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Amphoteric vs. Ampholyte

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1 Amphoteric vs. Ampholyte on Thu Feb 18, 2010 8:46 pm

Amphoteric vs. Ampholyte
During a quick discussion earlier today re: the above, it appeared that some were as confused w/ the difference between the two as I was seeing as the notes were quite vague. So, I found the attached definitions and figured I'd post on here in hopes it could clear it up for others:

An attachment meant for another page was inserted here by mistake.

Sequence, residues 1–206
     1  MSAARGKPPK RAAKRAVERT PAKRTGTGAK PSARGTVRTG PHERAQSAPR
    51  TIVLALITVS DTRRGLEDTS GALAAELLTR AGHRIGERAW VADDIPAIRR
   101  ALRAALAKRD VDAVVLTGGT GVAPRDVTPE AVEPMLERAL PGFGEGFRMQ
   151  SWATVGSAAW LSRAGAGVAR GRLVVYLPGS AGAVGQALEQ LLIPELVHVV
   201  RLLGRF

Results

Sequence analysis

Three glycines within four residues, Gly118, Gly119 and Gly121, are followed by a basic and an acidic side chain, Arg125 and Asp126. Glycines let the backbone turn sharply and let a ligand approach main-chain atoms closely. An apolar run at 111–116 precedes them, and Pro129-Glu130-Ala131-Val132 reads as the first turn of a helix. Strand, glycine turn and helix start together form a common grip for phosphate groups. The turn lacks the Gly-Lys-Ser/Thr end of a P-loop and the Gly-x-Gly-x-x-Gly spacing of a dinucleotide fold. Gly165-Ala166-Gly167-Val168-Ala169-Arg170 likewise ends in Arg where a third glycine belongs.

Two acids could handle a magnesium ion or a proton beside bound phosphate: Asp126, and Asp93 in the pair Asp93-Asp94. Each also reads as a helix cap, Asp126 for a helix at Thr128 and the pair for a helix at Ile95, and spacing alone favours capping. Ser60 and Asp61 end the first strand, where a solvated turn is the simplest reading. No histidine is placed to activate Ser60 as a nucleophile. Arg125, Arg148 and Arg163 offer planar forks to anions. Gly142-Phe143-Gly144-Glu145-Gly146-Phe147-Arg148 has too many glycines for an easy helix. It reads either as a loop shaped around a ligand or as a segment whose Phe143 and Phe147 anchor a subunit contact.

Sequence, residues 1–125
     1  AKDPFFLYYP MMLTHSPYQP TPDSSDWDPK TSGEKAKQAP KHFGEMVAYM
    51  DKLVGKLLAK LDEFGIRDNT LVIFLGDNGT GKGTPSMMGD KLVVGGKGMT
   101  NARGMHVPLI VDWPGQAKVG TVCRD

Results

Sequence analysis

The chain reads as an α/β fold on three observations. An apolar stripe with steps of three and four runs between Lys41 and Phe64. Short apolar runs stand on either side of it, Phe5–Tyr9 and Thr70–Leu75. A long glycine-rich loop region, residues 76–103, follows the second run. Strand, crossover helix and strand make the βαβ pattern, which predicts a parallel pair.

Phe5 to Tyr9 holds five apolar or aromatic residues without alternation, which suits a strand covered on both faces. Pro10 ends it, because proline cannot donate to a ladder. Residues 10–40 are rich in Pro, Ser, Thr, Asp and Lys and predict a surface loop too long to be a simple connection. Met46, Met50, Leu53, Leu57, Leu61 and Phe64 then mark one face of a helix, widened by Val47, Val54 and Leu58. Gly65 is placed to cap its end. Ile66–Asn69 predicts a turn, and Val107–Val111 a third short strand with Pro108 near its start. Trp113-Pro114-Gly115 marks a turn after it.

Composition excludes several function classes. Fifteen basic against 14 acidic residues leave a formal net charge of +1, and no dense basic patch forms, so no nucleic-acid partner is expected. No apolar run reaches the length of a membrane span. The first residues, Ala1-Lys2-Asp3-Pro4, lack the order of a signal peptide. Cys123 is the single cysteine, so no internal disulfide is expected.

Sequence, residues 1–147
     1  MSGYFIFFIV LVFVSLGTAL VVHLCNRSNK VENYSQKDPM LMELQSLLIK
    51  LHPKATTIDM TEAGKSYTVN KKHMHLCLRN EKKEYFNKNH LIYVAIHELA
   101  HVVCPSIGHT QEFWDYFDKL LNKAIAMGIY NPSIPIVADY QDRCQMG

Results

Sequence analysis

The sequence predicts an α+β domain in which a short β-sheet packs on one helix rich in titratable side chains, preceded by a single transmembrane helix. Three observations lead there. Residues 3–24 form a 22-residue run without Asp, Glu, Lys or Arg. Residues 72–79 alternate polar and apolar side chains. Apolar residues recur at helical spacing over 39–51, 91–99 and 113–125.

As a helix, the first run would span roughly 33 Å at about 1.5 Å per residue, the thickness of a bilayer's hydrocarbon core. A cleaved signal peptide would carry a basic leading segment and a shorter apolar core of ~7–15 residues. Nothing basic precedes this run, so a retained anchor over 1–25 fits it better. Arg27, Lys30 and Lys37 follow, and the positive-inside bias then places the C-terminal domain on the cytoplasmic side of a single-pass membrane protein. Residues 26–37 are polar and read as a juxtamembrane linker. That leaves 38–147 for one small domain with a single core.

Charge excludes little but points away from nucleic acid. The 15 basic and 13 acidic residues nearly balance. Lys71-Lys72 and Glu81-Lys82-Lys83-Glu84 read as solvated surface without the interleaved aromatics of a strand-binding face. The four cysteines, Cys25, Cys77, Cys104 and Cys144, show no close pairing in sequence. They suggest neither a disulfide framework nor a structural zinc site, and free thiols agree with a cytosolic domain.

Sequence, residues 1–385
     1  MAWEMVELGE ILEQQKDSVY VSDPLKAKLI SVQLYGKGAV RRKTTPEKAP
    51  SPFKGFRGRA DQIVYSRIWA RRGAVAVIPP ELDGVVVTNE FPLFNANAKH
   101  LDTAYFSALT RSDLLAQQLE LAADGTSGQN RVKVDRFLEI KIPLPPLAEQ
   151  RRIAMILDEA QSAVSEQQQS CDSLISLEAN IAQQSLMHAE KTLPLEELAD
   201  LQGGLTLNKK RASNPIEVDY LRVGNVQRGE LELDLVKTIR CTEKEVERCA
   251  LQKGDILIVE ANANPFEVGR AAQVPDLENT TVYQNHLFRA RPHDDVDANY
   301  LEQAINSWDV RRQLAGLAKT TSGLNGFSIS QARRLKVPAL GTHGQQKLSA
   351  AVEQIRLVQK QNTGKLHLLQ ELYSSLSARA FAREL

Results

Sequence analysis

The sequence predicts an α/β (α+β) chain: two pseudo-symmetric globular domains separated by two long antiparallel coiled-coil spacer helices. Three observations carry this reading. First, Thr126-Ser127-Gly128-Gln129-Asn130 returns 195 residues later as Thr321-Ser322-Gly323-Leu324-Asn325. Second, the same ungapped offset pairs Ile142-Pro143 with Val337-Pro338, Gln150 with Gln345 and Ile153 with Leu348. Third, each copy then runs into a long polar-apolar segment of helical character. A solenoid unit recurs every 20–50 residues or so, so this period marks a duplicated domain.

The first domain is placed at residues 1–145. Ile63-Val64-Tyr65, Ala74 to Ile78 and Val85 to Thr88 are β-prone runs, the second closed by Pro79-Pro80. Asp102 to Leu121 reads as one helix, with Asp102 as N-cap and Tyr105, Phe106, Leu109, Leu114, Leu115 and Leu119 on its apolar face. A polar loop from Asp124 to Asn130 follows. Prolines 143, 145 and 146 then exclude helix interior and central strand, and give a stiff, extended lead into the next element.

The term amphoteric is used to describe a class of compounds that have two or more different groups, often times an amino and a carboxyl. Depending upon the pH, amphoteric compounds can have a positive charge, a negative charge or no charge at all. Therefore, amphoteric compounds can be anionic (-), cationic (+) or zwitterionic (- and +)

Ampholytes have a fully quaternized nitrogen and consequently cannot lose their positive charge. As a result, they exist as either zwitterionic (- and +) or cationic (+) compounds, depending upon the pH of the formulation. They cannot exist in an anionic (-) state, since the positive charge on the nitrogen is always present


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